Sorting Fact from Fiction

Sometimes it’s very easy to get so carried away when writing a novel that the lines between fact and fiction often become blurred.
It means that writers sometimes end up mixing fact with fiction (otherwise known as faction), which isn’t a new phenomenon; it’s been done for years and is extremely common. There is nothing wrong with using real places or events as a backdrop or setting for your fictional characters. There is nothing wrong with using historical figures within the story, but bear in mind that you can’t really put words into their mouths and treat them as you would fictional characters, because you cannot truly know their personalities, so you can’t presume to know what they would say or do. Also, you can’t write about what is unobserved. It’s a very thin line to tread, so for beginner writers, it’s best avoided.
Writers blend fiction with fact because they can apply a fair amount of artistic licence to the story, but mixing known facts with fiction requires attention and focus from the writer to ensure these two elements blend in a way that seems perfectly natural and factual to the reader, without deliberately misleading them.
Novels such as The Da Vinci Code used many fictional elements and tried to pass them as fact. This is where fiction and fact become blurred and misleading.
The dilemma for the writer is to sort fact from fiction in order to maintain a sense of reality. And that means any writing, no matter if a novel or a short story, should always aim for clarity. Writers should ensure that the facts don’t get swallowed or overshadowed by the story. Some good examples are Roots, by Alex Haley, or In Cold Blood by Truman Capote.
When done correctly, the factual lends a voice to the fiction. That said, facts are not fiction or vice versa, so it’s important to keep them separate if you are aiming for clarity, but you want to reflect reality within your story without distorting, changing or even erasing the truth.
So, how do you sort fact from fiction?
Facts are what we know as true. This is important from a research point of view because writers should avoid warping the facts (unless the novel is specifically a sci-fi or fantasy novel and such facts can be subject to manipulation), because readers are very astute and will pick up on inaccurate information or deliberate bending of the truth.  For instance, the assassination of President Kennedy happened on 22 November, 1963. That’s a factual occurrence you cannot change, so writers have to understand that factual elements such as these form the interior strength to your novel by providing an accurate background.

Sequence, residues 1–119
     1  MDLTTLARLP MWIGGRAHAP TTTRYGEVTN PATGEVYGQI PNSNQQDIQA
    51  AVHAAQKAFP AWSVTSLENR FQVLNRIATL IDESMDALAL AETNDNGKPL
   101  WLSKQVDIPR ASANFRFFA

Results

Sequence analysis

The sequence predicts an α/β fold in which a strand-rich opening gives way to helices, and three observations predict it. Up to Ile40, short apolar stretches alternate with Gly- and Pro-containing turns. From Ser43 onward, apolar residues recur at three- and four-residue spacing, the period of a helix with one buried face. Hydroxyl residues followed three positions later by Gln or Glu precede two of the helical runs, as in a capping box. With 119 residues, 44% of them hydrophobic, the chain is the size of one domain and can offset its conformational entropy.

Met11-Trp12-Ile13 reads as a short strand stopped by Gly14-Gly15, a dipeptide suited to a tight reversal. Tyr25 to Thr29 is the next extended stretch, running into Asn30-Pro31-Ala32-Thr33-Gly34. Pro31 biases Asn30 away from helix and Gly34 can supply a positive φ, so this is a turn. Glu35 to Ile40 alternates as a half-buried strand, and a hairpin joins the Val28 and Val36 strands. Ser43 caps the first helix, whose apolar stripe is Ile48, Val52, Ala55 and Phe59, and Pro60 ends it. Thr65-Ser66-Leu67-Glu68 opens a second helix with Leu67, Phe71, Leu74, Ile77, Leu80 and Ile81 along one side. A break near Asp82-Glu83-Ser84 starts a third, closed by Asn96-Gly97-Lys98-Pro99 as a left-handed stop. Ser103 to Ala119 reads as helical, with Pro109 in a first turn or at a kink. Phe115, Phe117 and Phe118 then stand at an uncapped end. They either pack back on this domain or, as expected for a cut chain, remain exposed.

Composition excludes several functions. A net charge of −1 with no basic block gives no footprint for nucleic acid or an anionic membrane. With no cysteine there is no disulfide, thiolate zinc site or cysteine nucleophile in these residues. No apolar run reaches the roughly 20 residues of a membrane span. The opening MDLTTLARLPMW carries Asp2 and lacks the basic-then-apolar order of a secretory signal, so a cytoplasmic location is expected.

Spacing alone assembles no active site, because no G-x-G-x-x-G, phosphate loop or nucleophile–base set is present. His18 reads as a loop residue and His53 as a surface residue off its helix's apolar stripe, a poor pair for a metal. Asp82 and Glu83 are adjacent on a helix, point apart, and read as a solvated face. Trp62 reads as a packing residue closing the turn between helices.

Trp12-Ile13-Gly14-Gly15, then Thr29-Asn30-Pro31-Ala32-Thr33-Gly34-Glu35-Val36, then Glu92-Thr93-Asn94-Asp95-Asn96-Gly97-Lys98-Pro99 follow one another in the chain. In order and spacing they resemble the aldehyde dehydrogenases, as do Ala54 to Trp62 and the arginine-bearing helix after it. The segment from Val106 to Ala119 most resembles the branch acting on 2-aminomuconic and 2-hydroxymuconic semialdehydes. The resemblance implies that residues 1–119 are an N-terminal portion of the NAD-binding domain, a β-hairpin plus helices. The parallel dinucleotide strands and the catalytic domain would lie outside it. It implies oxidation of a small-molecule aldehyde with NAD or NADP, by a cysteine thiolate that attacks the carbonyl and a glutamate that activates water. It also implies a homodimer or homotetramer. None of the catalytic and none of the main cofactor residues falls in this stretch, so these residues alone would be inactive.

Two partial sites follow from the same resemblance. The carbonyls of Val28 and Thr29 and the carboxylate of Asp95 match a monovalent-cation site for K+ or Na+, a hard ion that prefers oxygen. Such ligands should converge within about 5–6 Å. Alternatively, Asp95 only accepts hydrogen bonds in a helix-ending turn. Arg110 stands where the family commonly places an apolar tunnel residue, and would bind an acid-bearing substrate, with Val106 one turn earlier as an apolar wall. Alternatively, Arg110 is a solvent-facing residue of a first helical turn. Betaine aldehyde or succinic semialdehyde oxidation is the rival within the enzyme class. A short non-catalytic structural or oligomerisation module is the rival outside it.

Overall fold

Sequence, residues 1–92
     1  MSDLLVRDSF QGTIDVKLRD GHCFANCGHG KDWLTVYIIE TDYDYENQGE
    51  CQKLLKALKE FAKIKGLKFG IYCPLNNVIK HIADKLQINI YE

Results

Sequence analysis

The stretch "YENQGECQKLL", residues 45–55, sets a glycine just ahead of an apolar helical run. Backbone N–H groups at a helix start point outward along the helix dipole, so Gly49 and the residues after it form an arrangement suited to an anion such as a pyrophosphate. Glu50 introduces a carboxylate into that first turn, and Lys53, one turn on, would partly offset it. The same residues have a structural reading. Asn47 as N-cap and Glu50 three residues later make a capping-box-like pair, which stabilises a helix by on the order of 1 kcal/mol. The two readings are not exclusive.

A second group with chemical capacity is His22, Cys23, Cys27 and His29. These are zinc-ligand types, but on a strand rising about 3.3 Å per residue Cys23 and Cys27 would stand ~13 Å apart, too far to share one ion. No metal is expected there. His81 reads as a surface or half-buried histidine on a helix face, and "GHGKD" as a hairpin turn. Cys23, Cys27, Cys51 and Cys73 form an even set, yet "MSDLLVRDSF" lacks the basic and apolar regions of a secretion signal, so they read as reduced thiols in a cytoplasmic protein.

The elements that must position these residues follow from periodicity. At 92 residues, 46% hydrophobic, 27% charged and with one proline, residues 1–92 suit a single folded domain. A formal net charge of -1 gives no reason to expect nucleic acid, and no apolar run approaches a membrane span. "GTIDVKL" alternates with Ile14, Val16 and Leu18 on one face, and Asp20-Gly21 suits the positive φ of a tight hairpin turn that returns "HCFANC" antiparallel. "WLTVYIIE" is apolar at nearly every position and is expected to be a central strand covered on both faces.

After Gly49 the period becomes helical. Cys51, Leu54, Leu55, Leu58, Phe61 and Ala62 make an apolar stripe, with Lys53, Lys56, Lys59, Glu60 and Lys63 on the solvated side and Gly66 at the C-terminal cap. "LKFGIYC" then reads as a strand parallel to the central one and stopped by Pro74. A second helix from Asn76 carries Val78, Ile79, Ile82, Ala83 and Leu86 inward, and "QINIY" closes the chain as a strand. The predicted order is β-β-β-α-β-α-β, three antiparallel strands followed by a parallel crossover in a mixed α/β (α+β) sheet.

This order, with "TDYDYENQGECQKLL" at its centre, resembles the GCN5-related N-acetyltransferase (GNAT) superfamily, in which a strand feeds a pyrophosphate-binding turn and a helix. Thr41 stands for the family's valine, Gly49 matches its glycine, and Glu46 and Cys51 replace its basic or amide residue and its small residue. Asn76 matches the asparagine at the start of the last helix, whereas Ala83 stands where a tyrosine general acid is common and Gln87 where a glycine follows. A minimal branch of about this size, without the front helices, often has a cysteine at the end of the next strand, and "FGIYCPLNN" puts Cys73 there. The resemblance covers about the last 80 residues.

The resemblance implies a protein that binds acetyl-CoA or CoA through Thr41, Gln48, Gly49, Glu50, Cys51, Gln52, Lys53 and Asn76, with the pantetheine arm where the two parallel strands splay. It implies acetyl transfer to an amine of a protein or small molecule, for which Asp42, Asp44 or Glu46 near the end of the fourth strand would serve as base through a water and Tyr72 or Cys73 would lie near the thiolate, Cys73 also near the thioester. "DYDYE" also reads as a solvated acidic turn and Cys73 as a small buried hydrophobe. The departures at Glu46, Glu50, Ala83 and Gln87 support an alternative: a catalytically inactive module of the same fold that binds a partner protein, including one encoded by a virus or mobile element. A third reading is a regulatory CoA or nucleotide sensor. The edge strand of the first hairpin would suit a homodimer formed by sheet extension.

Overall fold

Don’t try to fool the reader by skirting around facts or making them up as you go along – they won’t thank you. This is especially important if you are writing an historical novel using fictional events around factual characters, or fictional characters interacting with historical events.
Whenever you research for your novel or story, the first place you might look is the internet. It is an ocean full of information, but not all of that information is accurate. And because facts are vital to back up any story, the approach to research should be thorough. That means writers should double check everything and cross reference any facts they wish to use. Sometimes the best way to do that is the old fashioned way – by going to the library.
Sources for factual information:
  • Internet – some sites like Wikipedia, are full of flawed information, so don’t think that anything here is established fact.
  • Library – probably the best place to research and cross reference your information.
  • Groups, Associations or Organisations – they can provide the kind of information that isn’t always easy to come by.
Remember, if you miss anything or your facts are full of errors, the reader will spot it and it will put them off reading anything else you’ve written. If you can’t get your facts right, why should they bother reading any of your work?
Even though we’re in the business of writing fiction, that does not mean we have to ignore the facts. If you are writing about a specific period in time, ensure that you reflect the reality of it. If you are writing about an actual place, again, make sure you have the correct information to describe it and integrate it into your narrative.
  • Don’t ignore research.
  • Don’t make up ‘facts’ and pass them off as accurate.
  • Don’t deliberately mislead your reader with facts
  • Double check/cross reference your research – be thorough.
  • Aim for clarity – ensure the facts endorse the fiction.
  • Keep it simple.
Fact and fiction can co-exist in any novel. Just be clear that facts remain facts and the fiction doesn’t envelop them.
Next week: Reading your novel out loud


  1. That means writers should double check everything and cross reference any facts they wish to use advice


Post a Comment

Popular posts from this blog

Chapter & Novel Lengths

What Makes a Story Dark?

Cadence in Writing